Treves gives Equitable rebels the V-word

Click to follow
The Independent Online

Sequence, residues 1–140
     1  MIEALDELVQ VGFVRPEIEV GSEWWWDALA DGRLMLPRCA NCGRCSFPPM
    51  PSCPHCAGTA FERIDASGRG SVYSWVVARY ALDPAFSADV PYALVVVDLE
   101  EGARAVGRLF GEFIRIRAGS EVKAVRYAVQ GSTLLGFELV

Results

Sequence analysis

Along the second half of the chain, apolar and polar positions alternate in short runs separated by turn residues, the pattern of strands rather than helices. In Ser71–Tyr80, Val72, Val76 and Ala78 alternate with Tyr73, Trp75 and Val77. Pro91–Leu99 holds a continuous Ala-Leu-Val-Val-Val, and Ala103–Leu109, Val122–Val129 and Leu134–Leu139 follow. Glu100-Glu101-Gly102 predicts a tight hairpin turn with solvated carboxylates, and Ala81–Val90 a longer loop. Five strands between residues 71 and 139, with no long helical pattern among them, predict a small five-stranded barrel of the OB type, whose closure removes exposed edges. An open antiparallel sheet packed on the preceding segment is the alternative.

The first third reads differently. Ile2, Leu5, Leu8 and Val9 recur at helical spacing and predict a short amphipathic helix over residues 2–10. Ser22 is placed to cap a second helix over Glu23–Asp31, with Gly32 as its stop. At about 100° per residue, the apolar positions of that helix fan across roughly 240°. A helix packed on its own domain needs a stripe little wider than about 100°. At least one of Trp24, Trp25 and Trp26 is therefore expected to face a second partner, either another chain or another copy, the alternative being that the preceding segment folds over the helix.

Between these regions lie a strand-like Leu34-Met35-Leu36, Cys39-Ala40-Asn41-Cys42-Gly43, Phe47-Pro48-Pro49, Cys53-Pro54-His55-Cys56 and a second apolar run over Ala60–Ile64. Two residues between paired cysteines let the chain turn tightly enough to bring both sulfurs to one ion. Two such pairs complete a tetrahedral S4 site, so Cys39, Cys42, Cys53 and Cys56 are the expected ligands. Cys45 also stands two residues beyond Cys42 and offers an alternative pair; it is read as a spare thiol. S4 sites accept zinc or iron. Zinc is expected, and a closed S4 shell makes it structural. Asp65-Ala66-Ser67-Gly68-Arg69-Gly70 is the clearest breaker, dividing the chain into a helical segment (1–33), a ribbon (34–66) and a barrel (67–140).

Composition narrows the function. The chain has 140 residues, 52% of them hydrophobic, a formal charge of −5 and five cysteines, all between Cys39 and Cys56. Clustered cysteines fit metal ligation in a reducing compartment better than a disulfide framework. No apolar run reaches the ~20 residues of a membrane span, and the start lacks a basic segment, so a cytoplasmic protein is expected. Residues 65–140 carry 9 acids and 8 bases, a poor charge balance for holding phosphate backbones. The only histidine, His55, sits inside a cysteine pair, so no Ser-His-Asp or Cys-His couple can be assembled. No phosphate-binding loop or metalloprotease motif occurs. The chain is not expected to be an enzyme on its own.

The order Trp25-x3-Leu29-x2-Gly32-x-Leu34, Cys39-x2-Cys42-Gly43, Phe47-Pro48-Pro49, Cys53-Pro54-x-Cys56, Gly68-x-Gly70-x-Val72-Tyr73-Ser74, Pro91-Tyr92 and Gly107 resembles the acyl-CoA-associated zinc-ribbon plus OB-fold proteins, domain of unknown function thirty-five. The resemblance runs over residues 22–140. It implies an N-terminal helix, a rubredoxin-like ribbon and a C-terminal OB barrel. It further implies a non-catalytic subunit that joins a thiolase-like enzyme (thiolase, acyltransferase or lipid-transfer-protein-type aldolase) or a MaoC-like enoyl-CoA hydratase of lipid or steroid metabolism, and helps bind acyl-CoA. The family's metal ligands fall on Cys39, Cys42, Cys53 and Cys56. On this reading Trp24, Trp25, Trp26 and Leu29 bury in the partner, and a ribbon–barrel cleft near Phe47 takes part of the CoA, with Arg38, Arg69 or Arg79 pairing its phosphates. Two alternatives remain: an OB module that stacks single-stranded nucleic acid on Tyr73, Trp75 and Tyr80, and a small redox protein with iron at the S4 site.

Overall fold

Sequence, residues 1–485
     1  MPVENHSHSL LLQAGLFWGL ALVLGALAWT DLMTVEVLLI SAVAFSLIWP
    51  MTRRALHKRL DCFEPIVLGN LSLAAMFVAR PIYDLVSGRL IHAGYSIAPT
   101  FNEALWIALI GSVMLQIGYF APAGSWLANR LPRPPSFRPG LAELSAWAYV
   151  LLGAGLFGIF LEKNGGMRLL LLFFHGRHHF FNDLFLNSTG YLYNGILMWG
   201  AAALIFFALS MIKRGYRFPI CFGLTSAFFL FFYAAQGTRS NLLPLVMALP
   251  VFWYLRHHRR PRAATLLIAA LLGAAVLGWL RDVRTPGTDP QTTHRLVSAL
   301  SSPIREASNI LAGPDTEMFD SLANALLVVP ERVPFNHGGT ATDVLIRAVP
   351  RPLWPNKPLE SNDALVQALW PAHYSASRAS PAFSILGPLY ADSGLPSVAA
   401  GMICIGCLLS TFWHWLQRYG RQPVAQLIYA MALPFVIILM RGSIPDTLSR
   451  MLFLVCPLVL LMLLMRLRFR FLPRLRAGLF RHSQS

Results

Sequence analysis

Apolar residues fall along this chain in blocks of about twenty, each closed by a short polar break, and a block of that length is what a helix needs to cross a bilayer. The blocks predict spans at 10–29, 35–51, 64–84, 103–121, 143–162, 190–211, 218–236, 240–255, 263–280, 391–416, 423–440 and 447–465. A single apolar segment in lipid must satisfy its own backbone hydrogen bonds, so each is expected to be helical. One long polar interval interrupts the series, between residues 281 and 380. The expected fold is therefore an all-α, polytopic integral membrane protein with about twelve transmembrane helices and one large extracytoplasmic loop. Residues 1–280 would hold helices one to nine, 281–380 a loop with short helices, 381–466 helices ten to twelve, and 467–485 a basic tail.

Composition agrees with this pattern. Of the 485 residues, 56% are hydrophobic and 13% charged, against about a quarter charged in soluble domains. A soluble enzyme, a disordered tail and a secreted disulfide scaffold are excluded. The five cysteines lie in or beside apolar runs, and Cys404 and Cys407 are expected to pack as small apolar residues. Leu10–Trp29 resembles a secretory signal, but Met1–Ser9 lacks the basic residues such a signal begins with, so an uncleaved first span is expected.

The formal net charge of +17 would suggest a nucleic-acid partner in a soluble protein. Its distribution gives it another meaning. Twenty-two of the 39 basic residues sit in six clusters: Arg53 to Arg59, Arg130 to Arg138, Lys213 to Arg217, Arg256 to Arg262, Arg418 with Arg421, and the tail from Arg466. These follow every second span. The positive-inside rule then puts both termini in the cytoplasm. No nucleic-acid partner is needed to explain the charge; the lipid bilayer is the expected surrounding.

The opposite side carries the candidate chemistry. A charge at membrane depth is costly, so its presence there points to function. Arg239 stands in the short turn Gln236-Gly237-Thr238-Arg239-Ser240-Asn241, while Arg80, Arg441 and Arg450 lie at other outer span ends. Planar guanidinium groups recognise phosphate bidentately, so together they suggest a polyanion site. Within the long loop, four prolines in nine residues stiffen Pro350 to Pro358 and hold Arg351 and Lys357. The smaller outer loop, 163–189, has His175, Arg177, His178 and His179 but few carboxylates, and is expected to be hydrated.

Relations between Equitable Life and its largest policyholder action group, Emag, deteriorated immeasurably yesterday, as the insurer's chairman Vanni Treves lashed out at the organisation's leaders, branding them "vicious, volatile, venomous and vindictive".</p>Speaking at Equitable's annual general meeting in Westminster, Mr Treves said relations had degenerated so far between the two parties that they had lost hope of any reconciliation under the current leadership.</p>Emag's motion to secure a £2m fighting fund to sue the Government was easily defeated at the AGM. Mr Treves said the board would now have to consider whether it was their duty to policyholders to pursue Emag for the cost involved in putting the motion up for consideration - namely a £50,000 fee for legal advice. Mr Treves said: "Emag through its leadership has been consistently vicious, volatile, venomous and vindictive and bluntly we regard them as untrustworthy and unreliable."</p>Speaking at a press conference later, he added: "It is a matter of great regret to all of us that it has turned out to be impossible to carry on a constructive dialogue with Emag. We've tried, and several times we've bitten our tongues, because they don't respect confidences and they don't behave with even the minimal degree of civility."</p>Mr Treves said despite the breakdown in communication, the Equitable board would not completely ignore any future suggestions by Emag. "It's natural that some of the things said about us are said by "intellectually dysfunctional" people, but it doesn't mean we don't take what is sensible from what they say," he said. "The fact that an idea comes from EMAG does not mean we dismiss it completely."</p>At the annual meeting Mr Treves illustrated his attack on Emag with a series of slides showing extracts from Emag correspondence to both the Financial Services Authority and to members of Equitable's board.</p>One letter sent to Sir Howard Davies, the FSA's former chairman, said Mr Treves had "gerrymandered the vote for directors" at a previous Equitable meeting. Another, sent to Equitable's board in February, referred to a member of the executive as "the office version of a parking warden", advising them to "go get yourself a proper job".</p>Emag's deputy chairman, Colin Slater, who was given a right of reply at the meeting, said Equitable had taken its quotes out of context. "I'm somewhat surprised by the approach Mr Treves has taken. I thought he was a bit more thick skinned," he said. "Emag has concerns about the way the present board has acted. To reduce it to a matter of personal animosity does not do any good for its members."</p>Mr Treves said he had only intended to use the slides on Emag if he was questioned on the society's relationship with the action group. "It is perfectly reasonable for a right thinking member who has blood and not bile in his veins, to ask why you are not talking to Emag," he said. He added that he believed some of the comments relating to himself were libellous. However, he said he did not believe it would be in the interests of members to pursue any form of action.</p>In his main speech to the conference, Mr Treves reiterated Equitable's hopes of getting the Parliamentary Ombudsman, Ann Abraham, to reopen her inquiry into the society. Speaking afterwards, he said he had written to MPs to urge them to ask the Ombudsman to reopen the investigation, and would be meeting her in person to put his case next week. "Since her job is specifically to investigate whether there has been maladministration [within the Government] - I really don't know what she's there to do if she doesn't investigate our affairs.</p>VANNI SPEAK </b></i></p>'Emag through its leadership has been consistently vicious, volatile, venomous and vindictive and bluntly we regard them as untrustworthy and unreliable' - Vanni Treves </p>